[ros-dev] Bye bye

Steven Edwards winehacker at gmail.com
Thu Jan 19 18:25:27 CET 2006

On 1/19/06, WaxDragon <waxdragon at gmail.com> wrote:
> You are not a judge with years of experience in law. Whether or not
> you have any kernel internal knowledge is also irrelevant to this
> thought experiment.

No but I am someone trying to be objective that has spent a good part
of the past few years reviewing case history for reverse engineering
cases. Its more than we are going tot get from some judges.

> > Why did you have to do this? Is it not possible to write a driver that
> > abuses fastcall to make a mostly working implementation without having
> > to 1. look at and 2. copy the existing object code of Windows?
> Alex clearly stated that there is only one way to perform that stack
> check, let's quote him properly:
> "Note however, that there is only one way to check the stack: cmp ebp,
> esp. Unless you want to consider cmp esp, ebp as an alternate method."
> As Casper said, it is legal to use that information, but not legal to
> *copy/paste* it into ReactOS.  Alex clearly comprehends what that bit
> of assembly does.

Once again he may have stated this but he also states he disassembled
Windows. The issue is the methods used to gather the information.
Reverse engineering is legal if there is no other method to gather the
information which is why I clearly asked "Was there no other way to
get this information" or let me put it another way....

Alex: did you even bother doing some sort of clean room examination of
Windows behavior based on third party drivers or some sort of testing
or was IDA your first step? Checked Microsoft driver assertions and
debug symbols don't count.

> > OK so someone else sneaked something in that violates the rules and it
> > was not caught. Lets just check your argument for a moment and say you
> > could be wrong about your development methods. Being ..."clearly
> > commented, organized and structured..." does not amount to a hill of
> > beans if I am violating the law and or project rules. I can make bank
> > robbing plans that are "...clearly commented, organized and
> > structured..." I don't think that will gain me much ground in court.
> This analogy is invalid.  The legality of this issue stems directly
> from whether or not he wrote the code.  Robbing a bank is _always_
> illegal, writing code is only illegal if you copy/paste it from a
> legitimate author, or implement a patented method.

No its perfectly a valid question. In law there is this concept called
Mens Rea which means intent. Was his intent to create a independent
unique work he himself created and he just needed the information for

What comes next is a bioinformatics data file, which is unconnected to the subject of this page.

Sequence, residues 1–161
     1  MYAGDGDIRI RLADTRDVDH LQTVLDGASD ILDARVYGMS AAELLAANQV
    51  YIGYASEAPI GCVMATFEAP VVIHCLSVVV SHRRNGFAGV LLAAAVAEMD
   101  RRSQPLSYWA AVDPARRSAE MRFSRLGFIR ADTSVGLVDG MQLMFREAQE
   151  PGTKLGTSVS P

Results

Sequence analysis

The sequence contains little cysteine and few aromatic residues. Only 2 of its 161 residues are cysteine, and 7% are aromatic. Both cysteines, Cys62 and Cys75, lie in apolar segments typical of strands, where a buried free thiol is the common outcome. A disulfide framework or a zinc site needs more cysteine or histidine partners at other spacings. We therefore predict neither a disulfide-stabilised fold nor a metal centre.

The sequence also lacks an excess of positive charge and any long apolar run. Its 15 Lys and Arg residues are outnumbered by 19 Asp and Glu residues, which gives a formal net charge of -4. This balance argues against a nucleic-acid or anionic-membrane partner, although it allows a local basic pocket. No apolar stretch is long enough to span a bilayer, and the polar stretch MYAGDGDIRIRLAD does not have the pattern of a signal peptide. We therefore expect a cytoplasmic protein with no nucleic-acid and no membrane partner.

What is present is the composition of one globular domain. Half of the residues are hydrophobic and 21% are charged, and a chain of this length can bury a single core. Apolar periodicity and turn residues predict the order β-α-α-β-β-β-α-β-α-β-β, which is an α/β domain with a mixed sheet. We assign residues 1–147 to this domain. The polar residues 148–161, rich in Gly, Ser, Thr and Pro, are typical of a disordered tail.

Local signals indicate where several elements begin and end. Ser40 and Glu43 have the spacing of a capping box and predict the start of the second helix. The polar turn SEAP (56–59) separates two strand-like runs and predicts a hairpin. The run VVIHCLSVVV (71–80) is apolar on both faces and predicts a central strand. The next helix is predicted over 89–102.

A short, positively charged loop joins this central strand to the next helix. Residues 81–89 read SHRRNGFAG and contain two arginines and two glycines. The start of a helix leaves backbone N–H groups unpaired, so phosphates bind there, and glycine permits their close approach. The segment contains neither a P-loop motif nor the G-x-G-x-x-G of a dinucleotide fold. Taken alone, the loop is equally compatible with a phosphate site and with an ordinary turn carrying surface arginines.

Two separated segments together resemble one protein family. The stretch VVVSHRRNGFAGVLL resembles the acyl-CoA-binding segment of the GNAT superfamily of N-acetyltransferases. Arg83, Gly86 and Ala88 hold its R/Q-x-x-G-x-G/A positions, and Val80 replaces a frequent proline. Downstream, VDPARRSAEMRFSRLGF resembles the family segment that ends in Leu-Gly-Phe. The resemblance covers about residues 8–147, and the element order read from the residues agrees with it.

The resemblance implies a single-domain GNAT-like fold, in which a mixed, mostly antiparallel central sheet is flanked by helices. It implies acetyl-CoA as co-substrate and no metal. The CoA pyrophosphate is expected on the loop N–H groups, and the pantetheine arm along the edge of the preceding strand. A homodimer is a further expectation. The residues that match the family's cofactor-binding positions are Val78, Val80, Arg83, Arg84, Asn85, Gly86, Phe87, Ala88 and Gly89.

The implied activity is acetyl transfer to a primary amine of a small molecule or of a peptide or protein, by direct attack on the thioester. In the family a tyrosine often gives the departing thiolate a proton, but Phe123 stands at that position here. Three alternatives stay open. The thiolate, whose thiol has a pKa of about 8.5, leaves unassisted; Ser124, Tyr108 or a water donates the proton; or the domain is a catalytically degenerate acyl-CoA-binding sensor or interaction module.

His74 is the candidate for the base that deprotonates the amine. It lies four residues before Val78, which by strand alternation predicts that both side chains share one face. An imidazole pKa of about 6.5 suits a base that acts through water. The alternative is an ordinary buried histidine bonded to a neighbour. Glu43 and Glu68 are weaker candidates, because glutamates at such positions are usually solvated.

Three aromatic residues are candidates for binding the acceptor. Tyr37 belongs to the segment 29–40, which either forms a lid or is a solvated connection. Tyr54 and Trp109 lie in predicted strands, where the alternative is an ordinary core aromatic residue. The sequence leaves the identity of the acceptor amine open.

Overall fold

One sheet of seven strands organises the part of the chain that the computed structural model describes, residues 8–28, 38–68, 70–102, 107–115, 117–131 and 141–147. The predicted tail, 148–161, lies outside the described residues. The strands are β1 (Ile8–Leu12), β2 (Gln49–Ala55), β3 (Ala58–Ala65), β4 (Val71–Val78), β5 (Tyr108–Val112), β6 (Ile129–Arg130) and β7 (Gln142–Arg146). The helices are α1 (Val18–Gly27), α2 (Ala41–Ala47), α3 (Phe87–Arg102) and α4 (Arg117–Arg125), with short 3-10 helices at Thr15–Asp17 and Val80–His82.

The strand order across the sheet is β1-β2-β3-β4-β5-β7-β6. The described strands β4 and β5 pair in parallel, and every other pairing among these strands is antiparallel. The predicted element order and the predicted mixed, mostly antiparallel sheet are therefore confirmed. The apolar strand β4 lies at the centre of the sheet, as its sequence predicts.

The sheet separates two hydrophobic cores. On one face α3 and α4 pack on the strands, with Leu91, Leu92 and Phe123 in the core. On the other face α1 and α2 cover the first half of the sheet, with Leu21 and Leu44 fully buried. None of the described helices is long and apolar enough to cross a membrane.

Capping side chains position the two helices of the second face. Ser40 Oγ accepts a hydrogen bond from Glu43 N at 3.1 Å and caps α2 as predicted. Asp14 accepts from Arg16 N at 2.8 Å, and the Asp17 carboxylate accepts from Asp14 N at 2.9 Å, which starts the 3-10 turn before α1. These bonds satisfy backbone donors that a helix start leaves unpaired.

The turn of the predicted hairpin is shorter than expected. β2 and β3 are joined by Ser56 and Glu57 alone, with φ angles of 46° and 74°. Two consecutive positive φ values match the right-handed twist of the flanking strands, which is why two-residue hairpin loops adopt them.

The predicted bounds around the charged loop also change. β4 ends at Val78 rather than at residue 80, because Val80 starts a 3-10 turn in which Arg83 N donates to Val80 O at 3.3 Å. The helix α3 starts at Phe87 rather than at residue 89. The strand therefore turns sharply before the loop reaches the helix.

compatibly reasons or did he intend to just make it work without
caring of the consequences to everyone else. Hence the question above.
Was IDA the first step or the last?

> Alex's structured and commented code demonstrates comprehension.  In
> this case, where the code's function is clear, and constrained by
> implementation details, the code will be similar by anyone who
> implements it.  Alex's comments and code structure shows that he
> understands what is going on in the assembly, and most likely shows
> that he wrote the code, as opposed to just copy/pasting existing code.

Just because he understands the code now is irrelevant. Its the method
of which that understanding came. Because our work is going to be
similar to windows the arguments about a derived work hangs upon the
notion that we are independently creating our own implementation
rather than looking at the original. We can read documentation about
the original all day long, we can examine applications and drivers
that use the original all day long but when we start to crack open the
book of the original implementation we run the legal risk of being
declared a derived work.

> It only looks suspicious since you are not a kernel developer.  Again,
> not something a judge would concern himself with.  Now the
> prosecutor.....
> >
> >     /* Skip the other registers */
> >     sub esp, 0x48
> >


> >
> > ie.  why 0x29C, why 0x48?
> Since he is making room on the stack for another frame, this is a
> predefined size.

Hmm ok. So another size won't work? Where is it predefined? I ask not
to accuse but to try to understand to be fair to all parties involved.
But according to Hartmut this is a clear case of copy and paste. This
is why we cannot allow this to continue. If dirty-room reverse
engineering was the last resort then it would be a original

> further.   Now, I do agree he could have used the safer "clean-room"
> method, but I'm not convinced that it would have yielded a
> significantly different implementation, and we might still be in the
> same position.

You admit that his implementation was not based on "clean-room". My
question once again was why did it have to be dirty room? If there is
no other option for making a compatible implementation then this
discussion holds no water but if by your own words he could have used
a safer method then there is a problem.

So we are back to the first question. What development methods were
used. IDA first or last?

Steven Edwards - ReactOS and Wine developer

"There is one thing stronger than all the armies in the world, and
that is an idea whose time has come." - Victor Hugo

More information about the Ros-dev mailing list